Type III secretion systems (T3SS) are central virulence factors for many pathogenic Gram-negative bacteria, and secreted T3SS effectors can block key aspects of host cell signaling. To counter this, innate immune responses can also sense some T3SS components to initiate anti-bacterial mechanisms. The Yersinia pestis T3SS is particularly effective and sophisticated in manipulating the production of pro-inflammatory cytokines IL-1β and IL-18, which are typically processed into their mature forms by active caspase-1 following inflammasome formation. Some effectors, like Y. pestis YopM, may block inflammasome activation. Here we show that YopM prevents Y. pestis induced activation of the Pyrin inflammasome induced by the RhoA-inhibiting effector YopE, which is a GTPase activating protein. YopM blocks YopE-induced Pyrin-mediated caspase-1 dependent IL-1β/IL-18 production and cell death. We also detected YopM in a complex with Pyrin and kinases RSK1 and PKN1, putative negative regulators of Pyrin. In contrast to wild-type mice, Pyrin deficient mice were also highly susceptible to an attenuated Y. pestis strain lacking YopM, emphasizing the importance of inhibition of Pyrin in vivo. A complex interplay between the Y. pestis T3SS and IL-1β/IL-18 production is evident, involving at least four inflammasome pathways. The secreted effector YopJ triggers caspase-8- dependent IL-1β activation, even when YopM is present. Additionally, the presence of the T3SS needle/translocon activates NLRP3 and NLRC4-dependent IL-1β generation, which is blocked by YopK, but not by YopM. Taken together, the data suggest YopM specificity for obstructing the Pyrin pathway, as the effector does not appear to block Y. pestis-induced NLRP3, NLRC4 or caspase-8 dependent caspase-1 processing. Thus, we identify Y. pestis YopM as a microbial inhibitor of the Pyrin inflammasome. The fact that so many of the Y. pestis T3SS components are participating in regulation of IL-1β/IL-18 release suggests that these effects are essential for maximal control of innate immunity during plague.
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http://dx.doi.org/10.1371/journal.ppat.1006035DOI Listing
http://www.ncbi.nlm.nih.gov/pmc/articles/PMC5135138PMC
December 2016

GsdmD p30 elicited by caspase-11 during pyroptosis forms pores in membranes.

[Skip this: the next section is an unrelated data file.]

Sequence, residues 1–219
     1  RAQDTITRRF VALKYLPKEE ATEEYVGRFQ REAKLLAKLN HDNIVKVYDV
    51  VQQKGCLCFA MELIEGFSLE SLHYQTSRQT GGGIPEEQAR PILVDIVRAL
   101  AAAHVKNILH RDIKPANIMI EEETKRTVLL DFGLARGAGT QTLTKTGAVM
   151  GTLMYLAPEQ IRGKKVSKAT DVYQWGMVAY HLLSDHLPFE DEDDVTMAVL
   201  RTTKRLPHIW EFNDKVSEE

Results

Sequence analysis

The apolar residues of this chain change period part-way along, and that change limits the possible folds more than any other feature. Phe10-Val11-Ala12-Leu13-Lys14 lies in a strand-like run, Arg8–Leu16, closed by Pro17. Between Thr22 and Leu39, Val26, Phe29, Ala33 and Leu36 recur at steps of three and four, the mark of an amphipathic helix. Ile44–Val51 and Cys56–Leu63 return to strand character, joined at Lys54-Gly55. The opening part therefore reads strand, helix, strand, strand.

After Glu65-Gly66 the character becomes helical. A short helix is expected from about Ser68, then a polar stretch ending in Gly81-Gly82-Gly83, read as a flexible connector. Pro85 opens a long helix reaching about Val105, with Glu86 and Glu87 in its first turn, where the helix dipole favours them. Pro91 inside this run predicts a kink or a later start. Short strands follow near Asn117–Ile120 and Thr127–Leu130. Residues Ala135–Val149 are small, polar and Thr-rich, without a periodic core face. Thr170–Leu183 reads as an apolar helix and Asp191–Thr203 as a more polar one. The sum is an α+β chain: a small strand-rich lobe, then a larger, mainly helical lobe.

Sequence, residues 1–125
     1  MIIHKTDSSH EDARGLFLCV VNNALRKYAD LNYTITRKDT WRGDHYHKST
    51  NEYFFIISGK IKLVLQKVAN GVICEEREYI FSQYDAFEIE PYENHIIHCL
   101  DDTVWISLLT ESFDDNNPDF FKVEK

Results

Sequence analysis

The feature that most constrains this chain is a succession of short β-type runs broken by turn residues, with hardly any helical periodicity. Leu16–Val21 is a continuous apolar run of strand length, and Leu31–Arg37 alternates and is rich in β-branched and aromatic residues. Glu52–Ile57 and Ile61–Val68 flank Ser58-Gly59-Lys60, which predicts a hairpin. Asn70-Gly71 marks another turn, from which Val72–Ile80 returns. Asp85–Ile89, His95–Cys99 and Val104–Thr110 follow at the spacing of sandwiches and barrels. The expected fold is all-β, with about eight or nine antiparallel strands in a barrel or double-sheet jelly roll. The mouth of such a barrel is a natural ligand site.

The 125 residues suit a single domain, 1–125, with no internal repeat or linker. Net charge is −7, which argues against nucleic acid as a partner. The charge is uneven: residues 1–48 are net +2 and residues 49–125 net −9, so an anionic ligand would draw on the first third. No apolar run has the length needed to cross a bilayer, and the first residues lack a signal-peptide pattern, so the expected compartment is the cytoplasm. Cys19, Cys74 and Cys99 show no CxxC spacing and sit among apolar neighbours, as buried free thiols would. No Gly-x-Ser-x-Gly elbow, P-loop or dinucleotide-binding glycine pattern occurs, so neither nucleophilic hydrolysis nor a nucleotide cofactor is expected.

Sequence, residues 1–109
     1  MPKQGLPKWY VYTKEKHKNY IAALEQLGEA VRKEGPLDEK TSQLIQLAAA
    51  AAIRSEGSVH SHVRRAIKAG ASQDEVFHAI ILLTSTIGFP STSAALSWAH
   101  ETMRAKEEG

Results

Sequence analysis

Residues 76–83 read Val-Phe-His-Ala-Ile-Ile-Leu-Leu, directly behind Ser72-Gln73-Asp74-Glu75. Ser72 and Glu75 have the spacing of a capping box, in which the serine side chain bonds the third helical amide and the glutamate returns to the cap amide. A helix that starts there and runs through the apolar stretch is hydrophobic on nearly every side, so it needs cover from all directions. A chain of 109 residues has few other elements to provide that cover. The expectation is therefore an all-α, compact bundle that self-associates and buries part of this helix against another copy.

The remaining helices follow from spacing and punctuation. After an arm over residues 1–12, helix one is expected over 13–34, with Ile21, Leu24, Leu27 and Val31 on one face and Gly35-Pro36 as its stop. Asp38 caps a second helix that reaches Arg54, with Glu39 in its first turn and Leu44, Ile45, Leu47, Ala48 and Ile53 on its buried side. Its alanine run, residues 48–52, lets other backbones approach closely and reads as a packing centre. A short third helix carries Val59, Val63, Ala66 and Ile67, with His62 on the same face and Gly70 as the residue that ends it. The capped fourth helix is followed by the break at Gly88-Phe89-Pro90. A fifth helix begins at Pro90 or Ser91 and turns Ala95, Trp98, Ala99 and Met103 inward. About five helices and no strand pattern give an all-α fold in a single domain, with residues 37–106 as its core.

Proc Natl Acad Sci U S A 2016 07 23;113(28):7858-63. Epub 2016 Jun 23.

Department of Early Discovery Biochemistry, Genentech, Inc., South San Francisco, CA 94080;

Gasdermin-D (GsdmD) is a critical mediator of innate immune defense because its cleavage by the inflammatory caspases 1, 4, 5, and 11 yields an N-terminal p30 fragment that induces pyroptosis, a death program important for the elimination of intracellular bacteria. Precisely how GsdmD p30 triggers pyroptosis has not been established. Here we show that human GsdmD p30 forms functional pores within membranes. When liberated from the corresponding C-terminal GsdmD p20 fragment in the presence of liposomes, GsdmD p30 localized to the lipid bilayer, whereas p20 remained in the aqueous environment. Within liposomes, p30 existed as higher-order oligomers and formed ring-like structures that were visualized by negative stain electron microscopy. These structures appeared within minutes of GsdmD cleavage and released Ca(2+) from preloaded liposomes. Consistent with GsdmD p30 favoring association with membranes, p30 was only detected in the membrane-containing fraction of immortalized macrophages after caspase-11 activation by lipopolysaccharide. We found that the mouse I105N/human I104N mutation, which has been shown to prevent macrophage pyroptosis, attenuated both cell killing by p30 in a 293T transient overexpression system and membrane permeabilization in vitro, suggesting that the mutants are actually hypomorphs, but must be above certain concentration to exhibit activity. Collectively, our data suggest that GsdmD p30 kills cells by forming pores that compromise the integrity of the cell membrane.